Vladimir Nabokov, short story "Gods"
Today's post will be entirely bird-free, which I think will be a first for this blog. In it, we will approach and study two ice floes in Lake Superior, look at sheets of ice washed up on one of its beaches, and, if we have time, take a look at a hole in the sky. Sounds good? Let's go.
Here are several ice floes drifting around in Lake Superior, just off the very tip of Whitefish Point, Michigan, photographed on 7 April 2009 at 11:02 AM. A 'mother and calf', if you will, are visible on the right. Let's get a little closer. (Clicking on any of these photos will open a new window with an enlarged view.)
They are white with a blueish hue.
And they are beautiful.
The little one is actually quite transparent, and apparently of a different lineage from the big one.
The big one undoubtedly has snow mixed in with ice. It is often windy here. Lake water washed with big rolling waves onto the beach, and these waves broke on the frozen shore, where a small part of them remained behind as it built on gigantic blocks of ice mixed with snow. This is how it happened throughout the winter, until about a month ago.
About a week after these photos were taken, I heard a loud "CRACK!" coming from the shore. It was the sound made by the birth of another ice floe. Only two days ago, I saw a very small, dying ice floe off the tip of Whitefish Point. Me and the waterbird counter joked that it was getting late for them, that they should really be gone by now, as if they were wintering birds.
The little one is quite brilliant and mysterious in its own way.
Slowly but surely, each is going its own way, toward their own death and dissolve, the smaller one a lot closer to that goal obviously. Some of the water particles that they consist of may have been frozen several years ago, some several millions of years ago, and some never before... Never in the history of the universe have they been together in this configuration, and never again will they be. At no point in time did these structures contain a fixed number of such particles: these objects were always 'fluid around the edges', either growing or diminishing in size, forever changing in shape...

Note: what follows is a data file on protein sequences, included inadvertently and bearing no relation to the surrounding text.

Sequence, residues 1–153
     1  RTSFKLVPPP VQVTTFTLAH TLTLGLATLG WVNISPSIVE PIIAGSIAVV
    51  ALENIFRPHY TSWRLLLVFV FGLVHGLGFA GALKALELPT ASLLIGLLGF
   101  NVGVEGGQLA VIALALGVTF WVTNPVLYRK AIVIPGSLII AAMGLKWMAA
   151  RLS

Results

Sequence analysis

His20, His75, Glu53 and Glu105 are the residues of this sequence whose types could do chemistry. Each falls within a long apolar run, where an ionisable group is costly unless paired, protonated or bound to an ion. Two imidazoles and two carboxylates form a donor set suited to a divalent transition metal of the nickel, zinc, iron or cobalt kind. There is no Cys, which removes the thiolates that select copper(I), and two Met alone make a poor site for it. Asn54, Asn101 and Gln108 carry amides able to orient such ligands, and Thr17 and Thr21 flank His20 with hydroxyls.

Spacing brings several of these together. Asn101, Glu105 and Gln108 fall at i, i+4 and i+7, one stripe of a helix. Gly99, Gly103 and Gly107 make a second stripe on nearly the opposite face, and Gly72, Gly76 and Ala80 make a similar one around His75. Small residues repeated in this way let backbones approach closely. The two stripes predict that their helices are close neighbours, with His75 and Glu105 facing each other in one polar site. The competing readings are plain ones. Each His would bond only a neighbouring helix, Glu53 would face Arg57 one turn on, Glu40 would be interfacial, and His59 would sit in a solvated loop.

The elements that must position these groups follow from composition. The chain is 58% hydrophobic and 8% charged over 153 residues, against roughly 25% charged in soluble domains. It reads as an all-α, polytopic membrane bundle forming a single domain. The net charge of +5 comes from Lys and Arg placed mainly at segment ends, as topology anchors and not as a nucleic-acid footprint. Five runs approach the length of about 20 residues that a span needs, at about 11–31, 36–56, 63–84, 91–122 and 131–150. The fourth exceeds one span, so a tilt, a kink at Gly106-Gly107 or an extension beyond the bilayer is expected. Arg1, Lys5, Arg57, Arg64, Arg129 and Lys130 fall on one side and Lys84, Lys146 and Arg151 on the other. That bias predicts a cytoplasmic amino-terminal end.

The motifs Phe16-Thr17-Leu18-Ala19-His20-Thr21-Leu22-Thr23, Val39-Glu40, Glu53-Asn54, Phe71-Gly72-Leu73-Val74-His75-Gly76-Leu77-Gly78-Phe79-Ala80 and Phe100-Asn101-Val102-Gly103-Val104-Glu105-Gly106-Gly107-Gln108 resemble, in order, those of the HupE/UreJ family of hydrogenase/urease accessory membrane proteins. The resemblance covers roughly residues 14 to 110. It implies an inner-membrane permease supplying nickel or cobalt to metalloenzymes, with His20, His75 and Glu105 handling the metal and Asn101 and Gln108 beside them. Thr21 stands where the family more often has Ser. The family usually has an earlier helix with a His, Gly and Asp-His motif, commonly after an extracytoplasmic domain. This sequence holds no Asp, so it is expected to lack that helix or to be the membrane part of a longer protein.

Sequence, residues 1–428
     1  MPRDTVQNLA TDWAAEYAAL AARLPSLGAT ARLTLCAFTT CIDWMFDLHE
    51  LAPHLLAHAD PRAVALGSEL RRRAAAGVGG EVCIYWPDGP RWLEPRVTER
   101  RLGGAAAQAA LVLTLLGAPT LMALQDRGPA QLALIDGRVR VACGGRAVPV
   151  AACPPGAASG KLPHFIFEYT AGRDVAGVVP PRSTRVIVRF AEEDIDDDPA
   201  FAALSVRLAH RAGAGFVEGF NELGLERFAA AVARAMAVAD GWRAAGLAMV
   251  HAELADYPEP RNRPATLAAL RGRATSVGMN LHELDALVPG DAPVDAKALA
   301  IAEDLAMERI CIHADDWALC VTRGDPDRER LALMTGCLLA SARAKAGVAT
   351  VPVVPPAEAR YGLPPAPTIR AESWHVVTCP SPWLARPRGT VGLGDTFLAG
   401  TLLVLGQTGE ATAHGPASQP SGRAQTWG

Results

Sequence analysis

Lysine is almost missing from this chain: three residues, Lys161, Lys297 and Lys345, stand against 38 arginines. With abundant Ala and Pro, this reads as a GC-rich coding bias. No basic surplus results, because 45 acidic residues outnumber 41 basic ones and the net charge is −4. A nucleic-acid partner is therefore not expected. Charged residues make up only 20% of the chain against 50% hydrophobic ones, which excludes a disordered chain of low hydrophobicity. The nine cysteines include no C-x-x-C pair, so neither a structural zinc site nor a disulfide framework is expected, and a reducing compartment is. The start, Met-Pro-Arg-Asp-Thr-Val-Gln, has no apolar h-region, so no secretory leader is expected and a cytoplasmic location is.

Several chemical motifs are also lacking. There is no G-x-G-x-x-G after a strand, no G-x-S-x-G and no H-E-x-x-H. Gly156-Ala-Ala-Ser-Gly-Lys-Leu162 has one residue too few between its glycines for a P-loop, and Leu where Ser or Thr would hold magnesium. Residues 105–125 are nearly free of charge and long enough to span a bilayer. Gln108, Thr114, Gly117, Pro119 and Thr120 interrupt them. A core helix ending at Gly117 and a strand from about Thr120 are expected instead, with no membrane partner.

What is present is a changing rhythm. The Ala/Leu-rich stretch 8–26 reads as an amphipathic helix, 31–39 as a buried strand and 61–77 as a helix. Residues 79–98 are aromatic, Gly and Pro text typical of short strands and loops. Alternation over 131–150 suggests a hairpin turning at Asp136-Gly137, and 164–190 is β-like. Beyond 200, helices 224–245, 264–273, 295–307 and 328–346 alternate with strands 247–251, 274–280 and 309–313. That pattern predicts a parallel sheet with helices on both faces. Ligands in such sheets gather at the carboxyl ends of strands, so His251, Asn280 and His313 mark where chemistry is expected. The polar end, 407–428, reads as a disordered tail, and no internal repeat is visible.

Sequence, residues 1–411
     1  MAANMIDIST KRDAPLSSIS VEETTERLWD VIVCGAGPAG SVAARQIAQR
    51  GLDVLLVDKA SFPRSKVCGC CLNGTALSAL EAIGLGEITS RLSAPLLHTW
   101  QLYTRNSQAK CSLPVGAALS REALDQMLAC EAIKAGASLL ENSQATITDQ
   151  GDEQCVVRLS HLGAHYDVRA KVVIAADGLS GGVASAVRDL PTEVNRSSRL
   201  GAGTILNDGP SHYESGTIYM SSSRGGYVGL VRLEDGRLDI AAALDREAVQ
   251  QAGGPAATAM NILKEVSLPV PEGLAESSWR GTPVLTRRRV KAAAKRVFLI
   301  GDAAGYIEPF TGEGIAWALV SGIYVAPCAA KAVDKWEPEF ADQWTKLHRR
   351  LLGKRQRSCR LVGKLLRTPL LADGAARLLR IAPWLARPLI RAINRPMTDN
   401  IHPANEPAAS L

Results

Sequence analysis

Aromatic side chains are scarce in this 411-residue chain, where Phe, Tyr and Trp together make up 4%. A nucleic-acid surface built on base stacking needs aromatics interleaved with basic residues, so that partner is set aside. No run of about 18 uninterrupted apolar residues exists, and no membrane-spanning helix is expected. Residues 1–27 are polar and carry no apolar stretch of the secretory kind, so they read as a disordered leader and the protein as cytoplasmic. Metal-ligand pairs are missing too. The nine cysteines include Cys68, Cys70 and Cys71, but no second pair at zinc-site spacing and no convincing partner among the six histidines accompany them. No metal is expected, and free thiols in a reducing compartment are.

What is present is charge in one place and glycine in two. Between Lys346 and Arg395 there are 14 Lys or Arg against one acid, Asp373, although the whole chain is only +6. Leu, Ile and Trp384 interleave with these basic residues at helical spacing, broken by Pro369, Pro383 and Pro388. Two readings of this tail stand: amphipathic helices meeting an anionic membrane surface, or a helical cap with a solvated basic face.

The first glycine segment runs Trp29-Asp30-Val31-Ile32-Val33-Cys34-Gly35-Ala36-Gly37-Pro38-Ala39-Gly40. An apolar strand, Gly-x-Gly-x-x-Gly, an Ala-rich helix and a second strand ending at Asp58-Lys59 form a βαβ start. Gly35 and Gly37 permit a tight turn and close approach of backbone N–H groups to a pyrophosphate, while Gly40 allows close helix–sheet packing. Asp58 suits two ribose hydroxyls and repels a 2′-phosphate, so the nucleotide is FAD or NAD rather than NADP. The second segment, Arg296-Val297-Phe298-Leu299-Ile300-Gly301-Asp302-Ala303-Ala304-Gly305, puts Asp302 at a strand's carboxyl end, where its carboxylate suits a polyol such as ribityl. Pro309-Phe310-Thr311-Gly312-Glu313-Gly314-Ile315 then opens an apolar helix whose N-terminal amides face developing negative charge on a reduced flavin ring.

This is what they looked like that particular Tuesday morning in April of 2009...
These are thin sheets of ice photographed not far from the earlier location, on 12 April 2009, 6:44 AM. The frozen water particles in these sheets had been freely flowing about as, well, unfrozen water particles, only a day earlier. They were about to resume that nearly timeless activity only hours later.
There wasn't much wind, and obviously the calm weather with those clear skies had helped form these sheets overnight. A light breeze caused just enough motion of the water to break these thin sheets and pile them on top of one another. The process of that happening was accompanied by a soft rustle from the ice sheets sliding ever so gently over one another...
This is a view toward Whitefish Point State Harbor.
This is from a day later, 13 April 2009, 6:50 AM, photo taken in that harbor. There was a little more wind now, and all these sheets moved slightly up and down in a sinuous motion, as small waves rolled onto the edge of the ice and, lifting it, continued toward the shoreline. I have some video of that, but uploading it here won't do it much good. You can try to imagine it; the image in your mind will be much more beautiful than what I can show here in a heavily down-sized video...
If you do perform that mental representation of small waves rolling through thin sheets of ice, try to imagine also the rustling noise made by the sheets gently sliding over each other.
And finally, since you actually made it down this far into today's blog entry, I figure you should be rewarded with this image of a bubble of - warmer? colder? - air over Lake Superior. It didn't last long and I don't know what caused it. Photo taken 15 April 2009, 2:02 PM, Whitefish Point, Michigan.